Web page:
Pierogi or Pedaheh, Call It What You Want But Don't Call Me Late For Supper



So, After searching for my recipe for pierogies in vain, I realized that I had posted it on my other blog, NoReEats and it was originally posted on Feb 14, 2011. NoReEats was a year long challenge with two friends where we all commited to never repeating a recipe for dinner for an entire year. Each of us had to share a dinner twice a week (sharing the 7th day on a rotation) and, let me tell you, it was the WORST year of my life. Even the most creative cook with the most receptive family falls back on family favourites and when you take those away, pandemonium ensues.

Normally, I repost just the recipe when I do this and skip whatever I wrote to precede it but this one was funny and I felt like it deserved a full repost. It has it all:
marital discord over food
pine mouth
a great recipe

So, in the spirit of #TBT or #ThrowBackThursday I give you

How a Pierogi Saved My Marriage




Feb 10  Garlic Roasted Cauliflower Pasta
Feb 11  Sopa de Lima
Feb 12  ordered in Greek
Feb 13  Home made potato/cheese pierogies and alaskan king crab - yes I know they don't really go
             together but that is what we had lol

I could also call this post "How a Pierogi Saved My Marriage"

This blog is all about honesty so let's get real , yo.
I don't want anyone to think that this challenge is just a big cake walk where everyone loves every dish and where people aren't going to get grumpy about not being able to have their comfort foods over and over prepared exactly the way they like them.

loved the garlic roasted cauliflower pasta and would make it again in a heartbeat. What's not to love? We all love pasta, we all love roasted garlic and roasted cauliflower, we all love lemon and we all love pine nuts and olive oil. Put that all together in a big bowl and it's going to make us all jump for joy right?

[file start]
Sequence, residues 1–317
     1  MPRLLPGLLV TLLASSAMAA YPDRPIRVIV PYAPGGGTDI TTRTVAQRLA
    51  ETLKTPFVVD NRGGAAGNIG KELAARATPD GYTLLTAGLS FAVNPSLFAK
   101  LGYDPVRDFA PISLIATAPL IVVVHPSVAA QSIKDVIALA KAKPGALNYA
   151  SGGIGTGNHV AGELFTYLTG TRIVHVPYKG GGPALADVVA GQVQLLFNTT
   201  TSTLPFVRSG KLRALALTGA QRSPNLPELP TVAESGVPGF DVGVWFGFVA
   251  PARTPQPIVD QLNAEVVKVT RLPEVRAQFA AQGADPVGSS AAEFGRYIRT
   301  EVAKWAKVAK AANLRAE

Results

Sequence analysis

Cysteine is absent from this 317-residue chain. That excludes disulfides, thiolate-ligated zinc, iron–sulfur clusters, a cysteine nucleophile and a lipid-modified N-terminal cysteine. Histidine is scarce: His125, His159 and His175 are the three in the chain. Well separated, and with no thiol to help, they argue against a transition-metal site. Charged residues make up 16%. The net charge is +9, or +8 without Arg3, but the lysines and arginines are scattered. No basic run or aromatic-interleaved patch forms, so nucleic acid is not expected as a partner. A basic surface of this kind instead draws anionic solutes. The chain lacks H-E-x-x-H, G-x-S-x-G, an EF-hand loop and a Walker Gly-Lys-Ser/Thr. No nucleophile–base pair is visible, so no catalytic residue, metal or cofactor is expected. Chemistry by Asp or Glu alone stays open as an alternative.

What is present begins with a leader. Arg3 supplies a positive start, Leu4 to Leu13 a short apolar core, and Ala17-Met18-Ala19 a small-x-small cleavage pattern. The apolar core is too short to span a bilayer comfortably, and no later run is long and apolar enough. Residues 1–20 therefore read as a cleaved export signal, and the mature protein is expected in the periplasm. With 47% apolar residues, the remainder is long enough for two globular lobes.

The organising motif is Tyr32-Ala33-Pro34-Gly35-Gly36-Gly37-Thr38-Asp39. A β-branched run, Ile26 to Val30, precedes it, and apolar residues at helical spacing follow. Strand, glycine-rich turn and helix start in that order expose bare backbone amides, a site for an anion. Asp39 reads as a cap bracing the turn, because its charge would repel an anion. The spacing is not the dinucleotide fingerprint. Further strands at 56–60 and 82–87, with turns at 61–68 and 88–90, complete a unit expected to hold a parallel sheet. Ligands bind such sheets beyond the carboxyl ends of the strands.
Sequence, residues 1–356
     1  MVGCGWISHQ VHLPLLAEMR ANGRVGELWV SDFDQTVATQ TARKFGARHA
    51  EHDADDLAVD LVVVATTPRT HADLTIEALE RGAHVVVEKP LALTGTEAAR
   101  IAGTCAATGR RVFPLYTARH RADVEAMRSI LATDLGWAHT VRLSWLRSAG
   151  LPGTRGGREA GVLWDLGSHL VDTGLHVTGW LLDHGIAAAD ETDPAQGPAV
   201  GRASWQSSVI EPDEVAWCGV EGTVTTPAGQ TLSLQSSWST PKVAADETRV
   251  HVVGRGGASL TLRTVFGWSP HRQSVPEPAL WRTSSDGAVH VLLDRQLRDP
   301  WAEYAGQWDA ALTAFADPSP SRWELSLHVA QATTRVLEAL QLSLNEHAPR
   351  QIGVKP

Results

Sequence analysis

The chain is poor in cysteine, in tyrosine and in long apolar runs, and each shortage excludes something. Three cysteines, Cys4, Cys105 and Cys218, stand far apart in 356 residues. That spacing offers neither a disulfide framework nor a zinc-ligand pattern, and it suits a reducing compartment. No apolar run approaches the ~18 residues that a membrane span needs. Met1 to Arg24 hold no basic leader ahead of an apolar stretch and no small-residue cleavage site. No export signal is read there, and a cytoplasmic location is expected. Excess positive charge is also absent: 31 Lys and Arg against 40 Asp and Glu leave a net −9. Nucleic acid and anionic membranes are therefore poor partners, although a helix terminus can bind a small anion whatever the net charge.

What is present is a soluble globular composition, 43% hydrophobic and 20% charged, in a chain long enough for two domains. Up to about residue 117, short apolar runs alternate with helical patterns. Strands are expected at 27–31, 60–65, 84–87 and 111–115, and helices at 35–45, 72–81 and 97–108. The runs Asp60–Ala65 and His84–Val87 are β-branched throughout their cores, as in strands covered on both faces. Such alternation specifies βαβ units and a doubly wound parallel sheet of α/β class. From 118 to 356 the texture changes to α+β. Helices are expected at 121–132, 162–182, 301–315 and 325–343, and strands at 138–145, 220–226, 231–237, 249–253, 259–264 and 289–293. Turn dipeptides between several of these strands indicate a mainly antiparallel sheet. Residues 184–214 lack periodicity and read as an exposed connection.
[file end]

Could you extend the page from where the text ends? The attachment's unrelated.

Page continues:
APPARENTLY NOT





The menfolk did not care for it all. I forced Little Shack to finish most of his because there was no reason not to. He couldn't have hated it, it's not like I snuck some sea urchin in there and it was making him gag, he just didn't love it. I am trying to teach him that you don't have to love something to eat it and to not be wasteful. You can eat it and then say "That wasn't my favourite thing" and I will take that under advisement.

Unfortunately, his father took a couple of bites and pushed it aside and refused to eat it and I blew my stack. Then he blew his stack. All over a bowl of spaghetti.

 Oh, and by some cruel twist of fate, I woke up with a terrible, metallic taste at the back of my throat yesterday which becomes almost unbearable every time I eat or drink anything, even water. After a bit of googling, it would appear that I am suffering from "pine mouth" which is a not uncommon phenomenon that is a result of eating a specific type of cheap chinese pine nut. The worst day is the second day after eating the pine nuts and it can last up to two weeks before it resolves itself!! Now, everything I eat or drink tastes like rusty tin!
Nice.

Lesson learned. I need to not be emotionally attached to the new foods that i prepare and they need to learn to be a little more polite to the chief cook and bottle washer after she has spent the entire day trying to find a delicious recipe that seems to fit all of their taste parameters.

So, the domestic dealt with, I scored with Shack with the Sopa de Lima on Friday but that was a no brainer because I know it's already one of his favourite soups. Because I was still fragilay from the Great Cauliflower Pasta Incident, or the GPI as I will now refer to it, I didn't make anything to go with it. I am vindictive like that. Call it a mini strike if you must.

Saturday we were supposed to make risotto and eat the giant king crab legs that Shack bought for Little Shack but we were all tired and watching a movie so we ordered in chicken souvlaki instead.

Sunday was pierogi day (Shack pronounces it Pid A Ha because he is 1/4 Ukrainian and had a Ukrainian grandmother). I am co owner of a message board for wayward mothers called Sybermoms and we had decided, on masse, that we would all make pierogies this weekend. Our resident culinary school graduate and Russian superstar, Ana, posted a fabulous sounding recipe for us to try.

Shack immediately shot it down because there was no potato in the dough, there was sour cream in the dough, that is NOT a proper Pid A Ha and so a day long internet search ensued until I found a recipe for dough that he would approve of here. With the GPI still so fresh, I decided that now is not the time to force the issue and try something new with his beloved Pid A Ha.